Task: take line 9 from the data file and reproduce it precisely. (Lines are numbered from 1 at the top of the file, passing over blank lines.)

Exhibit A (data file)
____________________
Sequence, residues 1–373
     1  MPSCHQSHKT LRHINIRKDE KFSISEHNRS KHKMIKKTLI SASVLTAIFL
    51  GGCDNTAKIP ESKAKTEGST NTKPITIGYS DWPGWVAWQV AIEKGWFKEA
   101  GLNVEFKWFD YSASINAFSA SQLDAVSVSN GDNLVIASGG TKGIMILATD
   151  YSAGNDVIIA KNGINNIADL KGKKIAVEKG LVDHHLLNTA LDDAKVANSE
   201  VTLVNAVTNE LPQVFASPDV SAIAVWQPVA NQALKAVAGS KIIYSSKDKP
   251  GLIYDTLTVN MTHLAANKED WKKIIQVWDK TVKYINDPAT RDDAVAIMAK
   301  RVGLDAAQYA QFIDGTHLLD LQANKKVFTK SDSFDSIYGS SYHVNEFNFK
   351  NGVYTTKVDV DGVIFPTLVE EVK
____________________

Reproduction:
   351  NGVYTTKVDV DGVIFPTLVE EVK